Document Details

Measuring Progress Toward Universal Access to Water and Sanitation in California Defining Goals, Indicators, and Performance Measures

Laura Feinstein | September 13, 2018
Summary

Most people in California take for granted the water and sanitation in their homes. They turn the tap and clean, relatively inexpensive, abundant water flows out. They flush the toilet, and waste vanishes.

Yet there are communities in California who do not have these basic necessities in their homes. In January 2018, over half a million Californians were served by water utilities that were out of compliance with the Safe Drinking Water Act (SDWA). The worst outbreak of Hepatitis A in recent memory occurred in 2016-2018 due to open defecation and lack of handwashing facilities for persons experiencing homelessness. California’s tribes continue to face problems of poor housing and water and sanitation service, with two-thirds of tribal communities reporting inadequate home plumbing in 2015. And the cost of water has increased for many, particularly among small and medium size systems, with 39 community water systems in the state charging more than $100 a month for 12 CCF of water.

In response to the problem, California enacted the Human Right to Water in 2012, declaring that “Every human being has the right to safe, clean, affordable, and accessible water adequate for human consumption, cooking, and sanitary purposes.”

The California State Water Resources Control Board (State Water Board) further recognized the need to address water and sanitation for disadvantaged communities when it adopted a resolution directing staff to “develop performance measures for the evaluation of the board’s progress towards the realization of the human right to water, evaluate that progress, and explore ways to make that information more readily available to the public,” and to “work with… stakeholders to develop new or enhance existing systems to collect the data needed to identify and track communities that do not have, or are at risk of not having, safe, clean, affordable, and accessible water adequate for human consumption, cooking, and sanitary purposes.”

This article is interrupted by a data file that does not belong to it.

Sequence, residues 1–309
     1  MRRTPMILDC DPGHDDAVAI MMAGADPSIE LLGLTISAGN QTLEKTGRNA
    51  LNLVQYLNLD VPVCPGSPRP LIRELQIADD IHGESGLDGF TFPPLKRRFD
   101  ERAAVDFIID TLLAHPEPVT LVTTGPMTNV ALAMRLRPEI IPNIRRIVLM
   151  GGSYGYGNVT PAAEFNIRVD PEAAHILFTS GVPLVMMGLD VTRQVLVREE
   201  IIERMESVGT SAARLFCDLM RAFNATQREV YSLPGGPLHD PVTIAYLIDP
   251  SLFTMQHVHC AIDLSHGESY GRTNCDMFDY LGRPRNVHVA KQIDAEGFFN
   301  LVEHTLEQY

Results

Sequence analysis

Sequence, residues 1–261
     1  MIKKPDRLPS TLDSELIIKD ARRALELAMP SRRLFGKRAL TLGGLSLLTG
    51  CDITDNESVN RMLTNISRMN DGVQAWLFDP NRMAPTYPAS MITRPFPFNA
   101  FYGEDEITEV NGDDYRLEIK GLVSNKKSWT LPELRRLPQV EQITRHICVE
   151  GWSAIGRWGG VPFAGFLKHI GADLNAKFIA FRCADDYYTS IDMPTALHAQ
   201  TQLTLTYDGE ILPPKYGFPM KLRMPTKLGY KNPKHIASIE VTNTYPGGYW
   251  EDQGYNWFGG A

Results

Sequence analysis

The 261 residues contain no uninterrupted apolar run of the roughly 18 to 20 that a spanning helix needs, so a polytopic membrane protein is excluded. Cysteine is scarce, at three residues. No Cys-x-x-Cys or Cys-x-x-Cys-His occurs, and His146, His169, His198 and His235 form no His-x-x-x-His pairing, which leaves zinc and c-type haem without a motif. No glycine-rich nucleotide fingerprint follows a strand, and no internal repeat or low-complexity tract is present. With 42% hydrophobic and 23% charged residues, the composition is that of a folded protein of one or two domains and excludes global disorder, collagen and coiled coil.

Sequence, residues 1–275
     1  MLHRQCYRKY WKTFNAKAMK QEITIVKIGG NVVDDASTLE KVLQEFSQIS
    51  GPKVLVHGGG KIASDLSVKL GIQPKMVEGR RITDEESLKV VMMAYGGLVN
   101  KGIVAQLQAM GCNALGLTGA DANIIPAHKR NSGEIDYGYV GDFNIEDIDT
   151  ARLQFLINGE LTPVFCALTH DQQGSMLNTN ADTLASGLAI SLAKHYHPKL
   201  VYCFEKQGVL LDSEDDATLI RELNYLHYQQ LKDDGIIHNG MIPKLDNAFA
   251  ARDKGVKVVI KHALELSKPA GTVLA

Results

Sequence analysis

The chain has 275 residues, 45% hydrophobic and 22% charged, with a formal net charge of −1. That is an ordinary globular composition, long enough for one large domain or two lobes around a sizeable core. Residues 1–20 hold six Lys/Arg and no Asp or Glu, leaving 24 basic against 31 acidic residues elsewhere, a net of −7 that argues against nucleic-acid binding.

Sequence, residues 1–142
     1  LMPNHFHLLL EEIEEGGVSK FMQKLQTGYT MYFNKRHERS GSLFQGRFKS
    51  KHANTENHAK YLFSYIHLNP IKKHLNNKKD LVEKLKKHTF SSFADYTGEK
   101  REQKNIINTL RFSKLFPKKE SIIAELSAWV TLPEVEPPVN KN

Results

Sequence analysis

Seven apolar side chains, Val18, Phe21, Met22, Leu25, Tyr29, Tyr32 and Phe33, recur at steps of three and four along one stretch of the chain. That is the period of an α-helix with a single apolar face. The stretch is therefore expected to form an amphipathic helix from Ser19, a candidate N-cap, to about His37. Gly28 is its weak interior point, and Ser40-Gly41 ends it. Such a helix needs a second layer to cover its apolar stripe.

This report offers a unified framework on how to measure progress toward universal access to water and sanitation in California.

Product Description

Most people in California take for granted the water and sanitation in their homes. They turn the tap and clean, relatively inexpensive, abundant water flows out. They flush the toilet, and waste vanishes.

Yet there are communities in California who do not have these basic necessities in their homes. In January 2018, over half a million Californians were served by water utilities that were out of compliance with the Safe Drinking Water Act (SDWA). The worst outbreak of Hepatitis A in recent memory occurred in 2016-2018 due to open defecation and lack of handwashing facilities for persons experiencing homelessness. California’s tribes continue to face problems of poor housing and water and sanitation service, with two-thirds of tribal communities reporting inadequate home plumbing in 2015. And the cost of water has increased for many, particularly among small and medium size systems, with 39 community water systems in the state charging more than $100 a month for 12 CCF of water.

In response to the problem, California enacted the Human Right to Water in 2012, declaring that “Every human being has the right to safe, clean, affordable, and accessible water adequate for human consumption, cooking, and sanitary purposes.”

The California State Water Resources Control Board (State Water Board) further recognized the need to address water and sanitation for disadvantaged communities when it adopted a resolution directing staff to “develop performance measures for the evaluation of the board’s progress towards the realization of the human right to water, evaluate that progress, and explore ways to make that information more readily available to the public,” and to “work with… stakeholders to develop new or enhance existing systems to collect the data needed to identify and track communities that do not have, or are at risk of not having, safe, clean, affordable, and accessible water adequate for human consumption, cooking, and sanitary purposes.”

This report offers a unified framework on how to measure progress toward universal access to water and sanitation in California.

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Keywords:

disadvantaged communities (DACs), drinking water, human right to water